Lesson 7: Fatalism and Technology

I sensed a fatalism in response to the lessons on just war theory. There was a lot of “yes, but…” reactions, comments such as “I don’t think there is anything like a just war, but I am in no way a pacifist” or “I have always regarded myself as a pacifist, but events lately have forced me to reconsider.”

Some referred directly to the situation in Ukraine. They mentioned feeling helpless to prevent war crimes, avoid the threat of nuclear war, or receive truthful reports. I would add the difficulty of applying moral principles when both sides claim they represent God. Putin justifies the invasion as a Christian mission to save a culture from pagan corruption. In such a situation, the winner decides the rules.

The fatalism I sensed was primarily directed at human nature. The idea was there would always be someone in power willing to start a war to get what they want. This is obviously intensified in our day because of the speed and power of modern technology. My son used to say the first rule of technology is if something can go wrong, it will. We live under that cloud.

This fatalism extends to the violence pervading our society. With modern technology, a small group and even one person can wield devastating power and destruction. We find ourselves helpless preventing individuals with assault weapons from massacring school children. Normal inhibitions no longer work when perpetrators perceive mass murder as a form of their own suicide. It’s worth noting you can carry this over to losing confidence in the fear of retaliation preventing nuclear warfare.

Many of us think this kind of anxiety has created a culture of fear. Some ascorbate this by claiming we are participating in a cosmic battle between good and evil, God and Satan, in which we must meet violence with violence. The NRA expresses this when it claims the only way to stop a bad man with a gun is a good man with a gun. Security becomes the dominant value, defending oneself from evil the ultimate priority. That makes us vulnerable to the suppression of freedoms and acceptance of autocrats. In fact, the only resolution is standoff or genocide.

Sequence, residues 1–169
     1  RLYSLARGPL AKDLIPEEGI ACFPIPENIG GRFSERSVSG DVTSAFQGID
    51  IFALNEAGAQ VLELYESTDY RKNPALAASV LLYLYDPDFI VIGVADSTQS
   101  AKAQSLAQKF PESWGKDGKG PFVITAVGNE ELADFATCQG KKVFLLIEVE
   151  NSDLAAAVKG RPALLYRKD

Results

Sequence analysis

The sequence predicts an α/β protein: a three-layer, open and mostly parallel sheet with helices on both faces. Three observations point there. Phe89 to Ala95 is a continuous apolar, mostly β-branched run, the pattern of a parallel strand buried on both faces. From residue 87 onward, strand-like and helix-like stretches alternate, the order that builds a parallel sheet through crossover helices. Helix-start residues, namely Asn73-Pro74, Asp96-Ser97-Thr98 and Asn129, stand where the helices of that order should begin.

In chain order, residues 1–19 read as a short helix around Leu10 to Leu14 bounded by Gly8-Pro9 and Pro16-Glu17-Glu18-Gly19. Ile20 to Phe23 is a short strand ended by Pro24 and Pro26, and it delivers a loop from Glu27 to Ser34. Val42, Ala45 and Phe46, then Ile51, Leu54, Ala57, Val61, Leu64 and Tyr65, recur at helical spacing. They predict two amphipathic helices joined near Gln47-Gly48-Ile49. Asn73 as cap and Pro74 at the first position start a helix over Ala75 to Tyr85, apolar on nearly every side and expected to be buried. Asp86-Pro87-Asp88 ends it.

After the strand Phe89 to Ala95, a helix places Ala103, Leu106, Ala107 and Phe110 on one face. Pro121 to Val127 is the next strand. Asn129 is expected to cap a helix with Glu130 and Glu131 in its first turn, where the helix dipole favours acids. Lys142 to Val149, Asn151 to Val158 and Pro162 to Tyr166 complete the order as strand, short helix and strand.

Rather than give in to fatalism, Christian faith opens up hope in the future by overcoming fear. Martin Luther King’s warning that we must learn to love our enemies in a nuclear age or else is a challenge to be met with commitment, not despair. Faith assumes the transforming power of love. In this context, a set of moral principles points to the desired future and acts as a standard for decision making by at least asserting what is good and bad.

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2 Enlightened Replies

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  1. paul wildman says:

    Fear and fatalism now pervades all of us Fritz you are spot on here. To cheer we must be able to tear. We are loosing species, indigenous cultures and their languages and indeed the planet as I type this. How then not to despair?

    In our evolution have we become flawed in our biology, our memeology, our neurology? Where is the fatal flaw in Homo Sapiens?

    This is where Fritz’s last paragraph above comes into play – strong words, wise meaning and a ray of help hope for us all.

    Thanks Fritz – i very much enjoyed and appreciate this lesson

    ciao paul

  2. Anne Crawford says:

    I would like to believe the claim that “Faith assumes the transforming power of love. ” But just today I read in a church newsletter (of a congregation near me) that at a Council meeting someone suggested that the church (this particular congregation) NEEDS to have individuals with conceal carry permits bringing guns to church because of the current rash of school and other shootings! I was floored. I too would claim that I am not a pacifist, but I can’t believe that any part of the answer involves armed church members in church on Sundays. Sigh…..


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